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The easiest approach to give more importance to a group of specific training instances is simply using a weight to increase the error loss computed on those specific instances during training. Libraries like sklearn have implemented off the shelf the sample_weight parameter to perform precisely this. The obvious downside of this approach is that you need to ...


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How/why do we achieve the same/similar results though we are skipping a layer altogether Dropout is not a layer, even tough deep learning libraries implement it as a layer module for convenience. Why do we achieve same results? We don't, that's why dropout is applied only during training and not during test. And the fact that results change is also the core ...


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Regarding your first code snippet, there is no weight storing or continuation of training between the different CV folds whatsoever: each model is trained anew with the respective training data of each fold and validated on the validation data. Notice that this is exactly the idea behind cross validation - models trained on different folds are completely ...


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Epoch is defined as a full training pass over the entire dataset such that each example has been seen once. Thus, an epoch represents N/batch_size training iterations, where N is the total number of examples. Whereas a training step is one gradient update. In one step batch_size examples are processed. So, Number of training steps per epoch: ...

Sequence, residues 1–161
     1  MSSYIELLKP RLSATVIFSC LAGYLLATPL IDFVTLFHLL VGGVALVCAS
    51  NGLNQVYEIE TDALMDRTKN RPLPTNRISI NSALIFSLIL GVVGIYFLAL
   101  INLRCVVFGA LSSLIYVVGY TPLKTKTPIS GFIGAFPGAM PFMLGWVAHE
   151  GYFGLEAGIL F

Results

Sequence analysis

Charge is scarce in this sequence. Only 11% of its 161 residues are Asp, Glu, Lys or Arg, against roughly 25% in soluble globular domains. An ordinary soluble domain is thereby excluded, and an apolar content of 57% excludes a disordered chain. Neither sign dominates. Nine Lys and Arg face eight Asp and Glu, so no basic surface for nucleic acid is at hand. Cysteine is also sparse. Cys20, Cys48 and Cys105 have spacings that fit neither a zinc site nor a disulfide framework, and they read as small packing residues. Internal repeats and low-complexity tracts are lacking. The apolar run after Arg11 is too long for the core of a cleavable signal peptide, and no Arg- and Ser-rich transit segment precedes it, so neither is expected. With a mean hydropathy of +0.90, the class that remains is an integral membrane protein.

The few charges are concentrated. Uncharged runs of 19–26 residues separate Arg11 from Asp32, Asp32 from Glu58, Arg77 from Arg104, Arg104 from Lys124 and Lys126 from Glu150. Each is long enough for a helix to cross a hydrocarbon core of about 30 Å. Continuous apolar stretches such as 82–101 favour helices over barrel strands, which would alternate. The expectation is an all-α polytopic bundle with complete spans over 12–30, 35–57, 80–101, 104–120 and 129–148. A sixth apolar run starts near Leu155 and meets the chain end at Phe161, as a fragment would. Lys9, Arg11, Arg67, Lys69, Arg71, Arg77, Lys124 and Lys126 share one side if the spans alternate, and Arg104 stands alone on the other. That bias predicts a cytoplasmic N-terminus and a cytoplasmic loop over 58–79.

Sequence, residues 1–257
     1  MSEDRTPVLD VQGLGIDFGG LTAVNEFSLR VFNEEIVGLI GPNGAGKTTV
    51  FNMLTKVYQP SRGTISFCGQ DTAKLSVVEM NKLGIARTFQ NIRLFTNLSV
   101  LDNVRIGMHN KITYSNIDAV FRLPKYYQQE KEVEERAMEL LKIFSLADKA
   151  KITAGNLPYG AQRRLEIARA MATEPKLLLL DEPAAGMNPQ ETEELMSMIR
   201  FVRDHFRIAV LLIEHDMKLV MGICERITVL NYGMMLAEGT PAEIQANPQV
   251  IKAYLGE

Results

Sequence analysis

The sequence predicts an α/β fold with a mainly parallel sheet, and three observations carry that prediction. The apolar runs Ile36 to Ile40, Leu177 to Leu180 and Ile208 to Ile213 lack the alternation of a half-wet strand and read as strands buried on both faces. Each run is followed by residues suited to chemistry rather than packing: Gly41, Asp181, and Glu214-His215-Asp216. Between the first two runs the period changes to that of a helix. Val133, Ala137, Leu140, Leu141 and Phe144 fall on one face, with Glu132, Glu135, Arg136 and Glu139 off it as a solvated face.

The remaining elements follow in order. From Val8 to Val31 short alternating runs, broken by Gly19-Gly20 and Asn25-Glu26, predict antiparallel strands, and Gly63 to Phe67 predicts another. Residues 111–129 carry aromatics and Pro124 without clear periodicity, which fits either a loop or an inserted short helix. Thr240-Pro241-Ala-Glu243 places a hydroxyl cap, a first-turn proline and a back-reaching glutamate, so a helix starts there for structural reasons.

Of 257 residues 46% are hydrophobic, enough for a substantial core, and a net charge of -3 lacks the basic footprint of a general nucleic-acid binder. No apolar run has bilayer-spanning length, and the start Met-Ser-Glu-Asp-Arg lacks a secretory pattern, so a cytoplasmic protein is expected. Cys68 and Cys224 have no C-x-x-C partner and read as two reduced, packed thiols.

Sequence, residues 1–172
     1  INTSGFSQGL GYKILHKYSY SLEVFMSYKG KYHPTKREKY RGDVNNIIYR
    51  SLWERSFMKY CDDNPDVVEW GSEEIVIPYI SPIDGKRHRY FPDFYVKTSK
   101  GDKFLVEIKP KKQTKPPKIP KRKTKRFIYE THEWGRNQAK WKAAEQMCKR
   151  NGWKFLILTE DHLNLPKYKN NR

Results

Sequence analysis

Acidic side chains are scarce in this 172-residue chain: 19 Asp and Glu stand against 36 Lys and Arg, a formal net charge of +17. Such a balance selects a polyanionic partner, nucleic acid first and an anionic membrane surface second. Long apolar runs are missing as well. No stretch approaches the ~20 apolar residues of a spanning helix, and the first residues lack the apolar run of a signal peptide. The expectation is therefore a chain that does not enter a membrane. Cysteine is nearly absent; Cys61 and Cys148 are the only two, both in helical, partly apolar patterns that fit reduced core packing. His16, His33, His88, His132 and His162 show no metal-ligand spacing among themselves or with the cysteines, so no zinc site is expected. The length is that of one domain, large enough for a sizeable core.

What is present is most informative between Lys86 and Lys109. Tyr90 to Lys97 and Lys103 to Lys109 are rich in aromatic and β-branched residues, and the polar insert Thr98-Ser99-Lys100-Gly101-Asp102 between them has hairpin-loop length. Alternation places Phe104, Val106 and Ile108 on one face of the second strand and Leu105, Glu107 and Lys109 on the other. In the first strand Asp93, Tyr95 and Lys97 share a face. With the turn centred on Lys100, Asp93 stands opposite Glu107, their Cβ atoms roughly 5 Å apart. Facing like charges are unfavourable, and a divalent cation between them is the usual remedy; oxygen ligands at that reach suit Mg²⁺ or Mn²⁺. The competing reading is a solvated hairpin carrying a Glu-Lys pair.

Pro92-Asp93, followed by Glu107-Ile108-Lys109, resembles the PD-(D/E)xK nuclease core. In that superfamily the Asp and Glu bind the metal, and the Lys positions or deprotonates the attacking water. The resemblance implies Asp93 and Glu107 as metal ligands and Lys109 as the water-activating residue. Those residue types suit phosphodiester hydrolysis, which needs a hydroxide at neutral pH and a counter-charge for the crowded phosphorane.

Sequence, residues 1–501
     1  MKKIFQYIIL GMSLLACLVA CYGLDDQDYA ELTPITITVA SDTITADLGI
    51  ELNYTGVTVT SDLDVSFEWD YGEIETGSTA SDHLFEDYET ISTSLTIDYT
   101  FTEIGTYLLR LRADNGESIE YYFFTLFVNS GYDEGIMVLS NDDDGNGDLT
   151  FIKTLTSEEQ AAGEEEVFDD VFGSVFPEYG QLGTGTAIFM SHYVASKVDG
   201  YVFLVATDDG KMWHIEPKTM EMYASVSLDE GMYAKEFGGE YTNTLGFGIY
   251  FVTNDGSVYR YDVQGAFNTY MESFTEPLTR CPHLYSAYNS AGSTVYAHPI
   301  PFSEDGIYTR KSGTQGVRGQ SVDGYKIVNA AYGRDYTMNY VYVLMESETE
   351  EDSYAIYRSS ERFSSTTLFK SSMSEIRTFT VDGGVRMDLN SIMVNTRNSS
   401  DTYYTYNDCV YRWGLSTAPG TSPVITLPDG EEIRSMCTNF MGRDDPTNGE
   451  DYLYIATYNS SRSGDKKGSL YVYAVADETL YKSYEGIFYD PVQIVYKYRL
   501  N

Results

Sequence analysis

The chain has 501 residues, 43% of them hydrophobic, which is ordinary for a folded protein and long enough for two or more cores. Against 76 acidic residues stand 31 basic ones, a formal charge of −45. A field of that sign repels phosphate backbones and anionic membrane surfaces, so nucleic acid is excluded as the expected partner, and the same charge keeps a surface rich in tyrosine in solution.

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Here is a quick idea: first calculate the count of how many times each word occurs in these documents (I don't know whether to lowercase them or not, do interface and Interface mean different things?), and sort them in the descending order of occurrence. Most frequent words can be called "keywords" of your configurations (such as vlan), or maybe ...


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